Lawyers for Florentine Films, John Siegal and Peter Shapiro of Baker & Hostetler, moved to quash what they called a "sweeping" subpoena, and, in November, filed a memorandum that said the five had not even been deposed for the pending litigation and the city was embarking on a fishing expedition (NYLJ, Nov. 9, 2012).
They invoked the federal reporters' common law privilege and New York's Shield Law, N.Y. Civil Rights Law §79-(h).
The city countered by saying the privileges couldn't be invoked because the film was not an exercise in journalism, but instead an advocacy piece in which the filmmakers sided with the plaintiffs.
In the city's papers, Assistant Corporation Counsel Philip DePaul and Senior Counsel Elizabeth Daitz said any claim to objectivity in "The Central Park Five" was undercut by the fact that Sarah Burns had worked with one of the plaintiffs' lawyer, Jonathan Moore, as an intern, and that Ken Burns had made public statements urging the city to settle with the plaintiffs.
But yesterday, Ellis said Florentine Films had "met its burden of demonstrating journalistic independence in the undertaking of the Film." He also said independence is not sacrificed because a reporter takes a position.
"An otherwise independent newsgathering process is not undermined solely because a publication reflects the journalist's previously held point of view," he said. "A journalist seeking to invoke the privilege must also demonstrate that her intention at the time the information is gathered was for the purpose of disseminating the information to the public, not for different reasons."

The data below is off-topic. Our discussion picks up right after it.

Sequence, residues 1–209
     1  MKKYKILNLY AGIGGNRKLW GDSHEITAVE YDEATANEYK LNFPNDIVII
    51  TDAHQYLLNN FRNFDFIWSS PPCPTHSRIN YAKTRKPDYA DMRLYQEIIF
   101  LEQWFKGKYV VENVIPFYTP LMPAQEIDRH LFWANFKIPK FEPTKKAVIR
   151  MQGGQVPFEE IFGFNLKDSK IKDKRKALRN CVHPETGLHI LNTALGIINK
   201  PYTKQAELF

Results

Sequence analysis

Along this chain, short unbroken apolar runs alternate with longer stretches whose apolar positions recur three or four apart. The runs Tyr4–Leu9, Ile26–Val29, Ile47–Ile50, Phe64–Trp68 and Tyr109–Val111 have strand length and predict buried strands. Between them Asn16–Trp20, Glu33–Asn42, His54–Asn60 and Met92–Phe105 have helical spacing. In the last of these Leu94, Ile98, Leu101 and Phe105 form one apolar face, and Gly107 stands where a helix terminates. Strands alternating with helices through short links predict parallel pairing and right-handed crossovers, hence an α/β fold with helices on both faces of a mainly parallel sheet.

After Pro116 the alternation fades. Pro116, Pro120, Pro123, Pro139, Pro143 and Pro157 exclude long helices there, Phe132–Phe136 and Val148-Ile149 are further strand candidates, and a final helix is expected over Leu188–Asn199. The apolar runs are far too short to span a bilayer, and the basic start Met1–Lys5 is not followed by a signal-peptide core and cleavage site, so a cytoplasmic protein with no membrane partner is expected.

Here, he said, Sarah Burns stated that the film was not solicited by the plaintiffs or their attorneys, that it was actually made over the objection of one plaintiff's attorney, and that Florentine retained full editorial control.
And any statement made after the gathering of information, Ellis said, is "irrelevant for purposes of the reporter's privilege."
Ellis went on to say that the city had failed to show that the information it was seeking "is of likely relevance to a significant issue in the case and not reasonably available from another source."
Ellis distinguished this case from Chevron v. Berlinger, 629 F.3d 297 (2011), where the U.S. Court of Appeals for the Second Circuit said filmmaker Joseph Berlinger had to turn over outtakes from his own film about environmental litigation in Ecuador because the film had been solicited by plaintiffs attorney Steven Donziger and Donziger exercised some editorial control over the final product.